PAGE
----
5) The lack of pair-bonding and monogamy expectation outside of the general social (not biological) context of marriage amongst homosexuals explaining their own experience, shows that the two concepts are not as related as you project. Homosexual monogamy is at best an epyphite gaining nutrition from the atmosphere around marriage.

Those were all presented to you before, though your powers of dismissal are formidable they are ultimately poor examples of argumentation in light of the evidence provided against your claims.

> "What you seem to have missed is that we believe people have natural rights and one of them is marriage and that some marry people of the same gender."

Most often when people accuse me of missing something it is because their argument was far short of being compelling, and they are simply trying to blame me for "missing" it.

Your argument is not something I've missed, if I haven't addressed it here I will point to where I addressed it in a previous thread (re: Loving and right to marry who you choose).
3.23.2007 3:24pm
On Lawn (mail) (www):
Joseph Slater wrote:

> "It's truly bizarre to see the anti-SSM folks keep trying to rely on the "but marriage is about having kids" point, and struggling with the obvious, "but we don't make straights have kids or try to have kids."

Its bizzare to see the sterility strawman portrayed as a valid argument. I'm curious as to who ever said that marriage is about mandating procreation. If no one said it, then your refutation is misapplied.

> "This "the infertile are disabled and we're being nice to the disabled" may be the strangest and weakest yet."

It is also amazing how people will assume that commentary == an argument. I welcome your commentary, and certainly celebrate your ability to come to your own conclusions. However opinions are cheap, and without any supporting arguments I can't place much reliance on them.

> "First, of course, we let straights who are fertile but who voluntarily choose not to have kids get married."

First, since marriage isn't about mandating procreation there is no reason to not have people get married who don't want to have kids the second they get married. If it is a matter of choice, then people can change their mind. It is good that they can change their mind and have their marriage already in place.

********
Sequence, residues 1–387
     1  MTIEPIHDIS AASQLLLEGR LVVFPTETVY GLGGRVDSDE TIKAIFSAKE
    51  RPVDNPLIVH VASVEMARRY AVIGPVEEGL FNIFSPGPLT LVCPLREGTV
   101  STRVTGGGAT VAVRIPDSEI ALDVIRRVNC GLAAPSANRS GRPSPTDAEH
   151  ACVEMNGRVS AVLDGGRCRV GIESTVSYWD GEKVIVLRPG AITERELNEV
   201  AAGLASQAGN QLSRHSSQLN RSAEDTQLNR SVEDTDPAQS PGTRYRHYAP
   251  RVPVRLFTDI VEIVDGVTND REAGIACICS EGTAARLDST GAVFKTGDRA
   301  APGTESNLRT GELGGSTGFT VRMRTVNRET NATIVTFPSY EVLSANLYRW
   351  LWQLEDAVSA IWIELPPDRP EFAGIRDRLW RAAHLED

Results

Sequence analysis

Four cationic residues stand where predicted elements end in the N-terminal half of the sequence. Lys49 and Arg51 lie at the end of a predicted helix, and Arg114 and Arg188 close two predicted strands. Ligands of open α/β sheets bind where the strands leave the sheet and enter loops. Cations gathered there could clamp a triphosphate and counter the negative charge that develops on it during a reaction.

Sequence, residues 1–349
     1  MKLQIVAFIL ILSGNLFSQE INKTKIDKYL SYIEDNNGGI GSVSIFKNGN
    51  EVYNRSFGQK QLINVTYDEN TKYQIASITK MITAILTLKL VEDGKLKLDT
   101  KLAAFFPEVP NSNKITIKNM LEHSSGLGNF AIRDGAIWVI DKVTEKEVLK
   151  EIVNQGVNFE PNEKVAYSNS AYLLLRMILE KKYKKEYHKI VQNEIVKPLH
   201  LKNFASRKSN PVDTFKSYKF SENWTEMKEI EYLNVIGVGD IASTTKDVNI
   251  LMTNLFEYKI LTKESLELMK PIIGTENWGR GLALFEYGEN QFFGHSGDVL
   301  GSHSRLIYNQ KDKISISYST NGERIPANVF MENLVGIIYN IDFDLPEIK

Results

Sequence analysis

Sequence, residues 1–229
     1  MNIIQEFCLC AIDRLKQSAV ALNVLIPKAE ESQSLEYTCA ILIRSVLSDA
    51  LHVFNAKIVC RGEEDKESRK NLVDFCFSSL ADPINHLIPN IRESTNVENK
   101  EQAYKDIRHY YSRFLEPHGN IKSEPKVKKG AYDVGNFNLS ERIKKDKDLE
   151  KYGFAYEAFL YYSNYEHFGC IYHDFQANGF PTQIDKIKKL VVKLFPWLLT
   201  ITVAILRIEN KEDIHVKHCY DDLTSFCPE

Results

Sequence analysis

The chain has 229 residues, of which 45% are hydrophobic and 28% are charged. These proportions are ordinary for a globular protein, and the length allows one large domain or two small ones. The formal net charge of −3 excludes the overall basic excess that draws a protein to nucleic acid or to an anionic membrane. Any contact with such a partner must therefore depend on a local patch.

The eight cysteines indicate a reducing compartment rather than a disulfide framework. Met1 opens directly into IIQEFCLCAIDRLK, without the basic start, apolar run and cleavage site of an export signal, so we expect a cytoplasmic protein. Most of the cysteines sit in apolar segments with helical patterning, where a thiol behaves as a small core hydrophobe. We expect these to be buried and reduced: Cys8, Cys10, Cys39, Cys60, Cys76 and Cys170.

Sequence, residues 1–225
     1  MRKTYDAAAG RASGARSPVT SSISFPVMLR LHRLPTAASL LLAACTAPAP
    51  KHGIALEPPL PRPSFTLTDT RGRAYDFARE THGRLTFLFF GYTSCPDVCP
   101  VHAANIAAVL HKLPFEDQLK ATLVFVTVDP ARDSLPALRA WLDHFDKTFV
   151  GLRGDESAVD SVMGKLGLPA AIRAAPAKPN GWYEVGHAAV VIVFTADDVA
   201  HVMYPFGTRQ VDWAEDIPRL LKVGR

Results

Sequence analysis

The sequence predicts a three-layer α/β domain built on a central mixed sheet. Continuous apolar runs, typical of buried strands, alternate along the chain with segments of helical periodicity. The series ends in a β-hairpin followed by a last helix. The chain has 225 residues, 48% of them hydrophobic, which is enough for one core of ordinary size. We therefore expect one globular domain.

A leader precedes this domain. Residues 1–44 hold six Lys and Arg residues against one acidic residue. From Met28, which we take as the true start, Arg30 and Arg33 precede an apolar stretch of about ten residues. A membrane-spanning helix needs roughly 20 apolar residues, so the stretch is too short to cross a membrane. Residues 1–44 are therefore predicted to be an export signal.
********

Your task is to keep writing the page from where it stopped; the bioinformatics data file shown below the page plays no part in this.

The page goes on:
Besides, as Op-Ed pointed out, what kind of all-knowing government body are you going to put in charge of reading people's minds? If you are going to enforce that people who decide to not have children not get married, you need some all knowing body to accurate predict who is, 1) thinking they don't ever want kids and 2) actually will accomplish that.

> "So it's not just an ADA-type issue. Second, if letting gays and lesbians (a small part of the population) marry will undermine/destroy marriage because they can't have kids, one would think letting the voluntarily or involuntarily infertile would do the same; thus we shouldn't extend this right even to those straights who don't want kids who could be described as disabled."

Correction, the voluntary can have kids even if they don't want to. And their minds change, as noted above. It is your commentary that needs to address these simple facts of life, rather than expect others to accept your simplistic standard as reality.

And as I presented to Bob B.V. if you want to exclude those with disabilities from getting married feel free to present such a law for our consideration. But don't be surprised if our sympathy towards the disabled hampers support for that measure.

> "And Randy R. is right to again point out that gays and lesbians are raising kids, and he's right to note the conclusions one can draw about the 'it's for the kids' crowd who ignore or make the lame replies on this issue."

He's right? From my standpoint every time people ask him how he justifies a homosexual bias in that argument. Or in other words there are polygamists, incestuals, polyamorists, and non-sexual couples raising children, why is he only affording his efforts to homosexual households to be added to the benefit welfare and dignity that is associated with the word marriage?

As someone noted above, (and I've also noted) given the opportunity to create their own version of marriage, they curiously limit it to only same-sex couples. Why? What justifies that bias and exclusion?